First impression on unpacking the Q702 test unit was the solid feel and clean, minimalist styling.
I-Tech Bluetooth Virtual Keyboard
Every so often, a device comes along that causes even hardened technology veterans like us to drool, Homer Simpson style, all over our desks. The Bluetooth Virtual Keyboard (VKB) from iTech certainly is one such gadget - and it definitely has the 'wow factor' about it.
- It exists!
- Poor battery life, inaccurate typing
Definitely a head turner, the Bluetooth Virtual Keyboard will generate plenty of admiring looks, but typing errors may frustrate
Price$ 199.00 (AUD)
To put it in a nutshell, the VKB projects a 'virtual keyboard' on just about any flat surface, detects your typing, and displays the characters on your phone, PDA or PC, via a Bluetooth connection. Essentially, it eliminates the need for a cramped keyboard on your mobile device, and allows you the freedom of typing on a complete QWERTY keyboard.
While iTech claim that the unit is about the size of a 'cigarette lighter', it is in fact larger than this, but will still fit easily into a pocket. The VKB works by utilizing both laser technology to project a keyboard, and infrared to generate a plane of light just above and parallel to the projected image. When a user touches a position on the surface, the light is reflected and the selected characters appear on your mobile device.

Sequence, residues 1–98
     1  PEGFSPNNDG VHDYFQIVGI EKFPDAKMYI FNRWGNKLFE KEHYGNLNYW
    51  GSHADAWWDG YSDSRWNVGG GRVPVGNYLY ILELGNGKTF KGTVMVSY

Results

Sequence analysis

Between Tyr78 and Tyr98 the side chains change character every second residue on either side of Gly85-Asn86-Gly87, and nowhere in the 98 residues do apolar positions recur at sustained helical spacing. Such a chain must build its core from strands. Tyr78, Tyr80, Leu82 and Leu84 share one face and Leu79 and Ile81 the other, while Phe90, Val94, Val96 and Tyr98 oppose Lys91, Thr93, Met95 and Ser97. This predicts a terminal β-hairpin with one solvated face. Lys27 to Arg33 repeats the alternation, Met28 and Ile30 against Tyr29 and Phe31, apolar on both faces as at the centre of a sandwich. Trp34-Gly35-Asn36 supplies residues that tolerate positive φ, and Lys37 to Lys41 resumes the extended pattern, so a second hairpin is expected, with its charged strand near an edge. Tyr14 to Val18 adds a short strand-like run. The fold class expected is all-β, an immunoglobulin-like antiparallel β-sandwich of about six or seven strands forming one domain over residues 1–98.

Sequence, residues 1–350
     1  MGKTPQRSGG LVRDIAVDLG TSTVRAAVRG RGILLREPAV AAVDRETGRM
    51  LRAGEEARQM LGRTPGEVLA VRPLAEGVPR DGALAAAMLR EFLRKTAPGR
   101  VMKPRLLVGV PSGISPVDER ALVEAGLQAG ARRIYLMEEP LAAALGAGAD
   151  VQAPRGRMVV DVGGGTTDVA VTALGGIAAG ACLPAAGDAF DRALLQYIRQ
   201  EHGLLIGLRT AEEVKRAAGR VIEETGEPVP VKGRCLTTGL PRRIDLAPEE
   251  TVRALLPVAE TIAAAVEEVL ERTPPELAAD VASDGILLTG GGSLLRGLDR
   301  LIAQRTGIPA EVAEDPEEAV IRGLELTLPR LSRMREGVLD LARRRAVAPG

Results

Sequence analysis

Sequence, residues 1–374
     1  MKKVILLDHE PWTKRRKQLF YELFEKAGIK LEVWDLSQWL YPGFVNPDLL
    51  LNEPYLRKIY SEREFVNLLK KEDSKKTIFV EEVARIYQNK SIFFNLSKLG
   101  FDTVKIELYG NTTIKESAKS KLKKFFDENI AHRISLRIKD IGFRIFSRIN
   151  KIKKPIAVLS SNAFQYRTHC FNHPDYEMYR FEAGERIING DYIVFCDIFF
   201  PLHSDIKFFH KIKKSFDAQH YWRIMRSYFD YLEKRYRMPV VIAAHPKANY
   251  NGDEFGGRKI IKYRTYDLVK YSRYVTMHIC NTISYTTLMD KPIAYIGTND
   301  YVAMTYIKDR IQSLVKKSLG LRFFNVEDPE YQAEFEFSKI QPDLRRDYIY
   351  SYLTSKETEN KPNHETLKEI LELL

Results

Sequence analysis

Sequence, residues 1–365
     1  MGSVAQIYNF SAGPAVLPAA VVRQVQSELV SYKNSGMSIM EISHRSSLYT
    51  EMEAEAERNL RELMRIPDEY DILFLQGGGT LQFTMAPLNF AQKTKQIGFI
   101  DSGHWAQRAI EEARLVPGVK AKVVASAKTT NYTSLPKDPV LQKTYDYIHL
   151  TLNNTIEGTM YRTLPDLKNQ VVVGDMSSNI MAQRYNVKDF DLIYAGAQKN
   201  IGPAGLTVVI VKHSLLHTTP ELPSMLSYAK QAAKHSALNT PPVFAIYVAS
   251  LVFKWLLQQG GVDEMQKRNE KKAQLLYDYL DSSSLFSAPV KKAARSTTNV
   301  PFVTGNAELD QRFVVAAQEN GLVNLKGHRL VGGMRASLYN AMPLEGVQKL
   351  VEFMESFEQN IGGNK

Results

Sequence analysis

We see the main beneficiaries of this device being PDA or mobile users, as while the VKB can be used with a PC, you might as well use a normal keyboard. PDA manufacturers face a constant problem in trying to balance size and functionality. For example, while many PDAs ship with Microsoft Word, it's not exactly practical to use a PDA to type up large documents, and most people just use their PDAs to view, rather than create, document. This is because PDA screens may be too small, PDA keyboards are not comfortable and handwriting recognition is still a somewhat hit and miss affair.
The VKB does alleviate some of these problems, as you can now type on a full size QWERTY keyboard, making working with word processing and other documents, a much more practical affair. But the VKB is not without its problems, and this is an early generation of this technology which isn't for everyone.
Firstly, you'll have to install the software on your Bluetooth-enabled mobile device (a list can be found here) Secondly, like any Bluetooth device, the VKB has to be paired, and we found this to be a confusing and frustrating process with our Nokia N70. The manual does have some detail in it, but is not particularly well structured or clear, meaning you will be fiddling with the unit for some time, trying to get it to work.